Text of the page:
Countryside Ranger

Career profile

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City & Guilds Level 2 Diploma in Countryside and Environment: Online, distance learning

What the job involves

As a countryside ranger, you will maintain and develop areas of land and green space by planting trees, managing ponds and working with volunteers and the local community to engage them in projects. The work is very practical and physically demanding.

As well as this, you will usually have the opportunity to share your knowledge  about the landscape and wildlife that inhabit the area on guided walks and educational visits.

Other tasks could involve:

  • Planning and building habitats to protect plants, animals and birds
  • Working with volunteers and encouraging community involvement in projects
  • Taking part/managing community projects and exhibitions
  • Maintaining equipment
  • Ordering materials
  • Keeping records and writing reports

Personal qualities

You will need to be physically fit enough to complete the practical tasks of the job and have a passion for nature and the outdoors. Good leadership, team working abilities and communication skills are all essential.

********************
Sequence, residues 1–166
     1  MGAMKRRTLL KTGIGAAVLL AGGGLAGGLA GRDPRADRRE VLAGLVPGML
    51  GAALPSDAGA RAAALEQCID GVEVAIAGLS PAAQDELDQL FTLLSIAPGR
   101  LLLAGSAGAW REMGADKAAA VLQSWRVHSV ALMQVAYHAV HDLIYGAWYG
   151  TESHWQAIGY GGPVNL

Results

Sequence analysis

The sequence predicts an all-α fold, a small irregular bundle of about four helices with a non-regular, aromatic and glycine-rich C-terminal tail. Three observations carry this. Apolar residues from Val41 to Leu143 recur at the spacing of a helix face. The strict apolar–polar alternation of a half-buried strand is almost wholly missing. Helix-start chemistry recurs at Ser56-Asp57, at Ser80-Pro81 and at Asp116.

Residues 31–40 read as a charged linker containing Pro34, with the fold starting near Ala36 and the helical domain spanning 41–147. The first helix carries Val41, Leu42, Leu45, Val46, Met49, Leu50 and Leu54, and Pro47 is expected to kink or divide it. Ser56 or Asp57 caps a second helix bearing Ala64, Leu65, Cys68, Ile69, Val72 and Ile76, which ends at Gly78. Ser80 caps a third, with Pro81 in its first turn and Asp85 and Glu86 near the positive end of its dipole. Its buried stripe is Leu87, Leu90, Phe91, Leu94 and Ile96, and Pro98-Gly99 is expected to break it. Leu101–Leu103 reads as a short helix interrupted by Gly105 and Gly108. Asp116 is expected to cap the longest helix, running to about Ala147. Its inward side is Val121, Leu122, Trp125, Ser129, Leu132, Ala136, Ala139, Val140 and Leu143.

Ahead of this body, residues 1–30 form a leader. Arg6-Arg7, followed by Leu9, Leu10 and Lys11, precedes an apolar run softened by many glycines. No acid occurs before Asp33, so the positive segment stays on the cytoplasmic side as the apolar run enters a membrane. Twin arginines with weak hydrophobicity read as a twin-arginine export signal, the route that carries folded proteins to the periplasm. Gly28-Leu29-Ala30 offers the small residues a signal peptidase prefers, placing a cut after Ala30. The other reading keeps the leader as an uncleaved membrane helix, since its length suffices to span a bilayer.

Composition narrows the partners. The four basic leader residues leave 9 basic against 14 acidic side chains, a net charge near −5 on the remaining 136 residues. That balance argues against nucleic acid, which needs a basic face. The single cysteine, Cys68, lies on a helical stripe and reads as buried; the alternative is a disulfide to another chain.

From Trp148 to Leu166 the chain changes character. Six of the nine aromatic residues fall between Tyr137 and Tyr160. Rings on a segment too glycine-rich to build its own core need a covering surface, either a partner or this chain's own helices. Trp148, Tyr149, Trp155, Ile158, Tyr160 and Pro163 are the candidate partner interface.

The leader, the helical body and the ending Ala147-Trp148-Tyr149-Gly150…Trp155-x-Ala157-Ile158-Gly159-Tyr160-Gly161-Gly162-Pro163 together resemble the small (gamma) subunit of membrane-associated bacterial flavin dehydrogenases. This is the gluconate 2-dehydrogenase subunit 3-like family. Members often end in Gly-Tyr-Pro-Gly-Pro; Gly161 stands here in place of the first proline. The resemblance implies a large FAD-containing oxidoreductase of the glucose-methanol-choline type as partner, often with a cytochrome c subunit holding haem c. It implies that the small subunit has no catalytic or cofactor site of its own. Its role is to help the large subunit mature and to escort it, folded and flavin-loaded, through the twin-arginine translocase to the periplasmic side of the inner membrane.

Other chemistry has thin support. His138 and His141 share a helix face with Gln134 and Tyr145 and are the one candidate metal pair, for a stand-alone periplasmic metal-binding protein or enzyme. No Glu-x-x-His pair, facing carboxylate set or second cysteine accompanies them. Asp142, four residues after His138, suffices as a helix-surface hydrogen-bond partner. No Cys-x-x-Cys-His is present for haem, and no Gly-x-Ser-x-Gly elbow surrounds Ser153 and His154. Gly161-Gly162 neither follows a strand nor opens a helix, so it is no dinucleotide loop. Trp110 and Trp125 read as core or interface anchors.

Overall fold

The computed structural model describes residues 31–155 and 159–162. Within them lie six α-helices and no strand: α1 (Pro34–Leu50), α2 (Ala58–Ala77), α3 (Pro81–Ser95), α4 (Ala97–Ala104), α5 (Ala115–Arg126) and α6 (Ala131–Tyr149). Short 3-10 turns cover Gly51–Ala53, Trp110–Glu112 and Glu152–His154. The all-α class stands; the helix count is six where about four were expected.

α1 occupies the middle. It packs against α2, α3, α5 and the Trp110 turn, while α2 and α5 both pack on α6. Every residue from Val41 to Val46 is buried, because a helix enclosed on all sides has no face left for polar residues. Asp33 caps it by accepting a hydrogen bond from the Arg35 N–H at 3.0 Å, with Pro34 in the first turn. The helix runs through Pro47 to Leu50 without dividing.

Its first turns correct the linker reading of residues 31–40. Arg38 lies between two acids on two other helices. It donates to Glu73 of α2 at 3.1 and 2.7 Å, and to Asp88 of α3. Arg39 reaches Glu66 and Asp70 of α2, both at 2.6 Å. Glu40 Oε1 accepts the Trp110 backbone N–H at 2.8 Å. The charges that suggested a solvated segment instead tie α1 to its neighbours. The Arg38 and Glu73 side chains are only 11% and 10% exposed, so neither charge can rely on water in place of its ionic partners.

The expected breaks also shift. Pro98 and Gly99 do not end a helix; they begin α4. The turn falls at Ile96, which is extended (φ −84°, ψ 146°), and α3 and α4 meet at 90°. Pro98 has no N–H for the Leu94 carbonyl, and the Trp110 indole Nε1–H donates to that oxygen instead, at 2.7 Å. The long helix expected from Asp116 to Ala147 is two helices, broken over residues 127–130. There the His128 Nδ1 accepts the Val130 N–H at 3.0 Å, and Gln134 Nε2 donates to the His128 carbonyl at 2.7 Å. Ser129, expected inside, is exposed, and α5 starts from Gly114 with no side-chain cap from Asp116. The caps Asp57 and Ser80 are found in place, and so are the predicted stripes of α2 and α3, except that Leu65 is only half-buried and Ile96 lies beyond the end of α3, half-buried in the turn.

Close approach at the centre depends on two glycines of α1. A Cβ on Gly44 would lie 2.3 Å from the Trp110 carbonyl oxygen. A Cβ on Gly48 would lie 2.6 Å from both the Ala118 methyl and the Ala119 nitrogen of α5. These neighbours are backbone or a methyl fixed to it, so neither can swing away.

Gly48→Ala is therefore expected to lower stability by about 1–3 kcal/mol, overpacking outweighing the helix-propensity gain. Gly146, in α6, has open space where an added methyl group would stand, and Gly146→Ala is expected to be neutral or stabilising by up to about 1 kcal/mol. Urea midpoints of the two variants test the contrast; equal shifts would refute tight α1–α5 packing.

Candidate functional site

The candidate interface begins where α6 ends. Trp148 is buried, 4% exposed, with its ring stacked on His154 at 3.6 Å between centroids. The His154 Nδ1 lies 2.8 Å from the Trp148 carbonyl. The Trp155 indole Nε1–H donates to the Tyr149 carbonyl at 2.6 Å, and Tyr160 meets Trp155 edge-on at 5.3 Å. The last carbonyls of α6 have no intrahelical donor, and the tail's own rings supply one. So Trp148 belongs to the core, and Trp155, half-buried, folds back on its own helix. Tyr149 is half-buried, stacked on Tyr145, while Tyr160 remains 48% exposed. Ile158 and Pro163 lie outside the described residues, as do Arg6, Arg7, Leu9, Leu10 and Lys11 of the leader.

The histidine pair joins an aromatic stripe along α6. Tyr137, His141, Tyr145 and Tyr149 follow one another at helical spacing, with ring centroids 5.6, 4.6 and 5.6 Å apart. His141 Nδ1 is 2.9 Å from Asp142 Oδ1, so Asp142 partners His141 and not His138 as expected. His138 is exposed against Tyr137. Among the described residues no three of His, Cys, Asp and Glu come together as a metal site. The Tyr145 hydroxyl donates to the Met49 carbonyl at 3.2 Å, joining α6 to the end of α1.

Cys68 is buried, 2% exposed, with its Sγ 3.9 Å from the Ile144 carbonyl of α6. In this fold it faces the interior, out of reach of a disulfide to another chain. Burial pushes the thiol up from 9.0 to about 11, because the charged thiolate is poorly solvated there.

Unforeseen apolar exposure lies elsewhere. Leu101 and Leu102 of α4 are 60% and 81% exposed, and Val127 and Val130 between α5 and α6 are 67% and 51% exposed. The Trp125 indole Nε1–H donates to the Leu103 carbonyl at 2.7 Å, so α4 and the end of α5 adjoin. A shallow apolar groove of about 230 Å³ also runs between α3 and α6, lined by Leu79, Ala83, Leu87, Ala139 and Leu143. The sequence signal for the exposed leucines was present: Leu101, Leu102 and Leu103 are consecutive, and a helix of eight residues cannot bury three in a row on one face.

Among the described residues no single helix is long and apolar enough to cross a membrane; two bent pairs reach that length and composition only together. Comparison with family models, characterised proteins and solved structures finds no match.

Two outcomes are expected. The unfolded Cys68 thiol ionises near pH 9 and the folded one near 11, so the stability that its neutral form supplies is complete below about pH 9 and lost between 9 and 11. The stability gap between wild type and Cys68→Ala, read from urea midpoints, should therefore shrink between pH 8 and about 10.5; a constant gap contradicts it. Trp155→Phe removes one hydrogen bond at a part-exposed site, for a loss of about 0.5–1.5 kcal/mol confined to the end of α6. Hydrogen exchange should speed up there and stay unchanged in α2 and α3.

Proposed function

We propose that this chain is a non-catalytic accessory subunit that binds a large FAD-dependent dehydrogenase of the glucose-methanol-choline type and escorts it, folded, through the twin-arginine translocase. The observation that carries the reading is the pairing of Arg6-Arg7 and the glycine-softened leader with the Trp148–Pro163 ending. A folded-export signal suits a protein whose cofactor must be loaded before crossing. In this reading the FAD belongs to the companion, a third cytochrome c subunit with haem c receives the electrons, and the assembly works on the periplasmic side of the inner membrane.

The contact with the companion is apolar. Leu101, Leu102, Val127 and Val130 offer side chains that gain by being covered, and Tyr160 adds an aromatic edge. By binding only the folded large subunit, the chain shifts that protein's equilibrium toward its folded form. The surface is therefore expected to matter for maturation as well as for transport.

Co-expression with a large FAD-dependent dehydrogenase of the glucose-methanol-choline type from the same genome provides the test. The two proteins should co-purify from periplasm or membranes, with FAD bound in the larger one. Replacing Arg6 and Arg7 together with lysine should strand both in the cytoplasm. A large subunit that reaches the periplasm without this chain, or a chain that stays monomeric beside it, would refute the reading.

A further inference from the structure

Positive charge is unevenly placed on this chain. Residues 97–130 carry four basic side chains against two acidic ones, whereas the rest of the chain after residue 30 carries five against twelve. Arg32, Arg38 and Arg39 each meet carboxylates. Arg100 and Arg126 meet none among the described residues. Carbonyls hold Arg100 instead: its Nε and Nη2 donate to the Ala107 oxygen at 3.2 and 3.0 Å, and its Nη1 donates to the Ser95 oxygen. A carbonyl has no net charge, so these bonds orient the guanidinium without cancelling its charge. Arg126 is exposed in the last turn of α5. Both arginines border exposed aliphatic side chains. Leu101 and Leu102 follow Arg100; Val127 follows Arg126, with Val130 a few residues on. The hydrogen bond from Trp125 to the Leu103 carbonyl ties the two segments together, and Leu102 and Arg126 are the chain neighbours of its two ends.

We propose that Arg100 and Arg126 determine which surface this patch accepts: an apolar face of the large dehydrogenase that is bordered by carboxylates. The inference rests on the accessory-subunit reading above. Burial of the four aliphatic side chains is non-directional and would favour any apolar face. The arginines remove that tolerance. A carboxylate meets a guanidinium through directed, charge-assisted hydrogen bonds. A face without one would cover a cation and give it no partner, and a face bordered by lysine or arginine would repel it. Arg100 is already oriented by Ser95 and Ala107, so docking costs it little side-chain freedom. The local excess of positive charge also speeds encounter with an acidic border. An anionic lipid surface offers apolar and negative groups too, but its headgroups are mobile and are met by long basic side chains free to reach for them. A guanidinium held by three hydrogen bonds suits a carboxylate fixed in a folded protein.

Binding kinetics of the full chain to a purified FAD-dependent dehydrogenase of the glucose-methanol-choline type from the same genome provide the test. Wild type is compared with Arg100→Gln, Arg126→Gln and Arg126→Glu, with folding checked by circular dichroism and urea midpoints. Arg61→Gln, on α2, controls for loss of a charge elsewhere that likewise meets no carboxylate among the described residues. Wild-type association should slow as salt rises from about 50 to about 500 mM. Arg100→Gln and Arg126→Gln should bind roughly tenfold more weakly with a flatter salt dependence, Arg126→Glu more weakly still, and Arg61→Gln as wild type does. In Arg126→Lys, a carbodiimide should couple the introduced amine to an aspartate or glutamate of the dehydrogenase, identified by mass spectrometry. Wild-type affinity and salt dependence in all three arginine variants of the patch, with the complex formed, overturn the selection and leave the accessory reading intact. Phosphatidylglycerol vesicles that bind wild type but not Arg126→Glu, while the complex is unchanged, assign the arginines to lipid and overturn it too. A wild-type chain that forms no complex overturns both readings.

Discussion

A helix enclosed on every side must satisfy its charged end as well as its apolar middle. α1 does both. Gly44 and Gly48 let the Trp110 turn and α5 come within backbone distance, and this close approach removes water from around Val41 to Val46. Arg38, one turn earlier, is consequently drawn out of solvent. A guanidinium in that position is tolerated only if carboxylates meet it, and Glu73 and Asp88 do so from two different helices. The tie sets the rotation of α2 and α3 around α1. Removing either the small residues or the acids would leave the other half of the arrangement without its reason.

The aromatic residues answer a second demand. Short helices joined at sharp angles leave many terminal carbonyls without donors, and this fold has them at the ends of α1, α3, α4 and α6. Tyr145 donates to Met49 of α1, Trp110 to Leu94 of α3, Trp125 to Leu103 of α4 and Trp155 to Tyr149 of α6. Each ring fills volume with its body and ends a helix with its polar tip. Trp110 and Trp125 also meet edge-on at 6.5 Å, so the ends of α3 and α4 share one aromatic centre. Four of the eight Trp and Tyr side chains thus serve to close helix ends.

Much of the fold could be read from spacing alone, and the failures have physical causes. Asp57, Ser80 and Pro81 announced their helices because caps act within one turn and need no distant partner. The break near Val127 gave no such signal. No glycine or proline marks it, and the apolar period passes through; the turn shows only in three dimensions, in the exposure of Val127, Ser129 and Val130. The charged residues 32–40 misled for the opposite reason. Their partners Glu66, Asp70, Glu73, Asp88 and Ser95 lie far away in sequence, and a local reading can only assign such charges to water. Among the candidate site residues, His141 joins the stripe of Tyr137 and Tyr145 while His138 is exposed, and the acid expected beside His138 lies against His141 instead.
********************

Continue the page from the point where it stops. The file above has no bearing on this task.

Working conditions

You will usually work around 37 hours a week. This could include unconventional hours in the evenings and on weekends particularly during busy visitor seasons.

The work is physically demanding and will usually be working outside for large parts of the day. This means you will need to adapt to working in all weather conditions.

Qualifications and training

There are a variety of qualifications at differing levels available to those wishing to work in the countryside. Entry into such jobs is often competitive so a formal qualification which reflects your knowledge and skills, alongside practical experience, will help strengthen your application.

For those looking for their first qualification to give them a solid grounding in countryside practices and principles may wish to consider a qualification such as the City & Guilds Level 2 Diploma in Countryside and Environment online, distance learning course.

In addition to qualifications and experience, you will most likely need a full driving licence and may need to drive an all-terrain vehicle.

Getting into the profession

Countryside ranger positions are often highly competitive, there are several placed to look for job vacancies, including:

Salary and benefits

On average, the starting salary for a countryside ranger is around £16,000.  With experience, rangers can earn as much as £30,000 a year.

Progression

As you gain experience, you could become a senior, district or head ranger or warden. You may also want to pursue a career as a countryside officer. Alternatively you want to more into a more specialised area such as woodlands or coastal areas.

Further information

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